Daily life in the middle ages was like the fine line between Carnivale and Lent, as immortalized by Pieter Bruegel in 1559. It’s a battle between feast and famine, a lifestyle of fasting and abstinence or a lifestye of drunkeness and revelry (Il Corpo nel Medioevo, J. LeGoff).
When carnival in Venice ends, one probably needs a dish to comfort their stomach, aid in digestion, and make everything feel better. This is a good recipe for doing just that:
Vivanda da fare bon stomacho – Toy pome codogne e lessale e mondale e pestalle, e toy late de mandole e distempera queste codogne e miti a coxere; quando è cocto mitige specie dolze poche e zucharo assay.
A Dish to Make the Stomach Well – Take two quinces, peeled and cleaned, and add to boiling water. When they are soft, drain and pour almond milk into the saucepan to cover the fruit. Mash (or blend) everything together and allow to simmer at a low heat. When it reaches a creamy texture ass 100 grams of sugar and a few sweet spices (nutmeg & cinnamon). In medieval times you would take this custard to the Epices de Chambre, a room where you enjoy tasty food.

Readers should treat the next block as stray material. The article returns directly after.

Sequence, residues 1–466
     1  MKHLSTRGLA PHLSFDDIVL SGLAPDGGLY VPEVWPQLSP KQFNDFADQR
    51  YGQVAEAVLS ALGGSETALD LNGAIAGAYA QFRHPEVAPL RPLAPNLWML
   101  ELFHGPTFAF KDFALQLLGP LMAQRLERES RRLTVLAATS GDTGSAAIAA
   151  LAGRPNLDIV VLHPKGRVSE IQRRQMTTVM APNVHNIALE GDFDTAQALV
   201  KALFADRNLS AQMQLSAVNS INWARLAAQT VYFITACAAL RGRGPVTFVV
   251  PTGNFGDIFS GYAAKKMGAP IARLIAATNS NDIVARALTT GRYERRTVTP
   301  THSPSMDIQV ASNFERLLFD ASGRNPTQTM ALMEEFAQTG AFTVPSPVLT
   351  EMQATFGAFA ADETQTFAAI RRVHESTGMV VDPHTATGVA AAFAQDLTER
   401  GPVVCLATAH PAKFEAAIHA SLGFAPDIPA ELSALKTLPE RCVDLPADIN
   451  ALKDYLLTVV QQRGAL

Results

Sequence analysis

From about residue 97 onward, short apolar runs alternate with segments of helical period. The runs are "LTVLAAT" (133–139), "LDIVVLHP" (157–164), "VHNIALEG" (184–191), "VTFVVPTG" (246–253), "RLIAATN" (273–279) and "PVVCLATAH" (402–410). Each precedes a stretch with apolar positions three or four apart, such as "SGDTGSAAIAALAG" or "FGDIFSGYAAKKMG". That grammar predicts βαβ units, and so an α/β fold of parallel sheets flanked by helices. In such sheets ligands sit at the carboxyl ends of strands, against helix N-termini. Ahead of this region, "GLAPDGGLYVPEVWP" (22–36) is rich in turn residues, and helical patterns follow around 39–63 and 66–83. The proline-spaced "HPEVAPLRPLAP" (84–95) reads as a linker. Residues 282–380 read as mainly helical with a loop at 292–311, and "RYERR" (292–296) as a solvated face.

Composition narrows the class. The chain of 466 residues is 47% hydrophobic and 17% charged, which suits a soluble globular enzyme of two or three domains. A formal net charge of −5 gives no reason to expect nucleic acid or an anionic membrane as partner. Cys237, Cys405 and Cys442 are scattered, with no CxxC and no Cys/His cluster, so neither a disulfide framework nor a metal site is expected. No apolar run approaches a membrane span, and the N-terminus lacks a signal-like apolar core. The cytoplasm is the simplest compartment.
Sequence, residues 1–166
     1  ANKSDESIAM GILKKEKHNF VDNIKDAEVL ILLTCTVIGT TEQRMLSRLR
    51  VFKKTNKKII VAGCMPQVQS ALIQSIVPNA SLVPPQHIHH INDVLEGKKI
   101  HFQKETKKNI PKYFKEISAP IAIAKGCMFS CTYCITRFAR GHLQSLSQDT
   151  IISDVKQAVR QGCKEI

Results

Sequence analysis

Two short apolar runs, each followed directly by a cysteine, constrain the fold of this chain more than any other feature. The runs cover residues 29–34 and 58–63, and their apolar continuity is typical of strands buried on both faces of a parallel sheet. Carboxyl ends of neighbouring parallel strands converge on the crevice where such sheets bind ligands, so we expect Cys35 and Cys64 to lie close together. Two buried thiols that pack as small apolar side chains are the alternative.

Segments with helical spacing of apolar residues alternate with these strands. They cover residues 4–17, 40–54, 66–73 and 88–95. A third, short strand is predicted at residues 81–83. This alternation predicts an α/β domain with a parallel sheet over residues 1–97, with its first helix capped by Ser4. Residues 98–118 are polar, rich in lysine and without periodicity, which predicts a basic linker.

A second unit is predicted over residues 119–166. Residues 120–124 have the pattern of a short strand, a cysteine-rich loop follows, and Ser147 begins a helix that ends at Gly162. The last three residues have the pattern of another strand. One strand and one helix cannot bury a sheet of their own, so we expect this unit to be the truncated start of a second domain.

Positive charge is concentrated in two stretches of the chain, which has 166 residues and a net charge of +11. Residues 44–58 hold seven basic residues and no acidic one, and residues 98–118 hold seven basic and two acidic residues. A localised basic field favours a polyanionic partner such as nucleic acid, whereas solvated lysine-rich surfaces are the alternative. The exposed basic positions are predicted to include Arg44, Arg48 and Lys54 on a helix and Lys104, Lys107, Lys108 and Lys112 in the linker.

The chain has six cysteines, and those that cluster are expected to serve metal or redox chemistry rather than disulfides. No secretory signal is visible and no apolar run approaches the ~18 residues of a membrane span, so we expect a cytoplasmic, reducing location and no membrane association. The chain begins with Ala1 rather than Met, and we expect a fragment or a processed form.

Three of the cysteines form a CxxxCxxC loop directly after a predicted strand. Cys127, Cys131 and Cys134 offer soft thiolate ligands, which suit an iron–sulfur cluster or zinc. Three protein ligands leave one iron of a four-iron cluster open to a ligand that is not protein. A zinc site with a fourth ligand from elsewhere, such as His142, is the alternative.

You could serve this with cooked wine:
Vino cocto – A fare vino cocto, toy vino vermeglo el piú fino che tu poy avere e bono miele; mitilo a bolire insieme e alquanto fiore de canella, e bolia tanto ch’ el torne el terzo e per iiij bichier de vino volo essere uno pien de melle.
Cooked Wine – To make cooked wine boil full-bodied red wine with acacia honey or wildflower honey (at a ratio of 1:4) until it is reduced by a third. Turn off the head and add cinnamon to taste. Let cool and filter by straining.
Consume within a few days.